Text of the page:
Chris’s argument in that video – that gameplay is less fun and more tedious when non-lethal to emphasize a message of “power corrupts” – is a compelling one, but I personally doubt that was intention of the developers of Dishonored. It seems more like they wanted multiple endings based on some sort of player input, but didn’t want to go with the bog-standard “this good this evil hurr-durr” system that has been abused so often in the past. Nevertheless, exploring the concept of (in more detail): “You have great or even absolute power – you can abuse it or restrain yourself from abusing it” would be a fantastic concept for a future game to explore in detail as its main focus; it is a prime candidate for utilizing gameplay and mechanics to emphasize the message.

      • Raygereio says:

        Actually this Errant Signal makes an interesting case for why the non-lethal play style was intentionally made to be less engaging than the lethal one.

        That remains one of the dumbest things I’ve read.
        Sure, it’s neat interpreation of the game. But if that truly was the intention of the developers, then they need to be bitchslapped into unconciousness for the crime of purposefully making their gameplay bad.

        • AJax says:

          Couldn’t agree more. They could’ve done a lot to actually make the non-lethal playstyle an interesting one. Arkane should look at Splinter Cell: Chaos Theory to see at how it’s done properly.

        • Wedge says:

          Yes, this, a million times this!

          Look, I get that the developers were trying to explore the idea that violence has consequences, which is pretty admirable considering the state of modern AAA game development. But they did so in a way that seriously compromised the gameplay itself and my ability to engage with it. They could have done a much better job with that theme if they had instead had *better writing* and put more effort into making the non-lethal approach as deep and engaging as the lethal mechanics.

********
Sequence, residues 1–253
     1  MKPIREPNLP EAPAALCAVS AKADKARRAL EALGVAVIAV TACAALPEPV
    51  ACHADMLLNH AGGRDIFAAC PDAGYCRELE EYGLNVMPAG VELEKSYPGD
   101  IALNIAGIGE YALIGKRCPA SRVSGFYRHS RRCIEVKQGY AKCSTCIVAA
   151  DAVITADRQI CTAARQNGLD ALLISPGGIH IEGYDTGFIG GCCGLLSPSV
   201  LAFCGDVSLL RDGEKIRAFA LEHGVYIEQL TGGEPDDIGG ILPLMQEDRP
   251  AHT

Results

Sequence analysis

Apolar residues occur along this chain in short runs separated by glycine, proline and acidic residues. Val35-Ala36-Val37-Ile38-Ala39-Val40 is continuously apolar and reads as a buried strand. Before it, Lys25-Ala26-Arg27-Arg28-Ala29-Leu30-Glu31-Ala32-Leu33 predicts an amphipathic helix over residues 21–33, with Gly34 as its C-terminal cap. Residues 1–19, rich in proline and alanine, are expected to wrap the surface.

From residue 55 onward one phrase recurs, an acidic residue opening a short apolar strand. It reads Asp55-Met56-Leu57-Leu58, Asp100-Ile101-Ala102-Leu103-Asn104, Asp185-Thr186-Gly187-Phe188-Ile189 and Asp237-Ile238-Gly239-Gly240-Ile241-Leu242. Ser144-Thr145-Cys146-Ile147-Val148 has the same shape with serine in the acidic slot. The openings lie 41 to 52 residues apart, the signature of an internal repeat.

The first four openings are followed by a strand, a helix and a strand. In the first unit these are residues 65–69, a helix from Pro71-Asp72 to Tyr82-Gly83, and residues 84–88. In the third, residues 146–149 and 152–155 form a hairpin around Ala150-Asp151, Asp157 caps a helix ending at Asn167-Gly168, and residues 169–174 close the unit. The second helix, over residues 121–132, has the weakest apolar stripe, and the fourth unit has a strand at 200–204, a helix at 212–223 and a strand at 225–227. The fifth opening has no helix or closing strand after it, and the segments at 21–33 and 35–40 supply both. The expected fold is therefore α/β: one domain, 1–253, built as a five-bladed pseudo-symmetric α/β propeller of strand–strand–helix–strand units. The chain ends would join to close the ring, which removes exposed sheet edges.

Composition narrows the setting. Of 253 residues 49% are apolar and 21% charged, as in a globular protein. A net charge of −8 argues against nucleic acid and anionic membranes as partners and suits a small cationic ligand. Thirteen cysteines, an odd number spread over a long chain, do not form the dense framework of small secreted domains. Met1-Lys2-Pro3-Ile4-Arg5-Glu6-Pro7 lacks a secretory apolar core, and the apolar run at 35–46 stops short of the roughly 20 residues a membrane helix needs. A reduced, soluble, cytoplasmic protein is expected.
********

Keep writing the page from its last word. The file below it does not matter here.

• swimon says:

            I don’t think that that was what they were trying to explore at all. Rather it explores corrupting power, if the lethal mechanics are more engaging will you give in to that temptation or choose a less engaging more moral play style. This is why the ego-centric morality bugs me, the game makes a very poor case for why you shouldn’t murder everyone. The temptation angle isn’t very strong if what you’re tempted towards isn’t framed as being all that bad.

    • Daemian Lucifer says:

      I dont think the game is judging you with high/low chaos.To me it feels like it is giving you what you want.Low chaos means you prefer sneaking around,therefore you get less enemies to worry about.High chaos means you prefer dealing with enemies in a bloody manner,therefore you get more enemies to toy with.

  17. Eric says:

    Oh, regarding voice acting, I think that most of the actresses did a good job. I also got the sense Piero’s performance was basically because his character is extremely eccentric and probably has autism or some other disorder, as he is extremely socially awkward at all times (a defining part of his character).

    The others… eh. Havelock was by far the one who was most obviously phoning his performance in, as his complete lack of emotion and monotone voice really killed what could have been a likable character (which in turn would have made later events more affecting). I actually thought Pendleton’s performance was fairly good, though; his audio diaries are quite neurotic.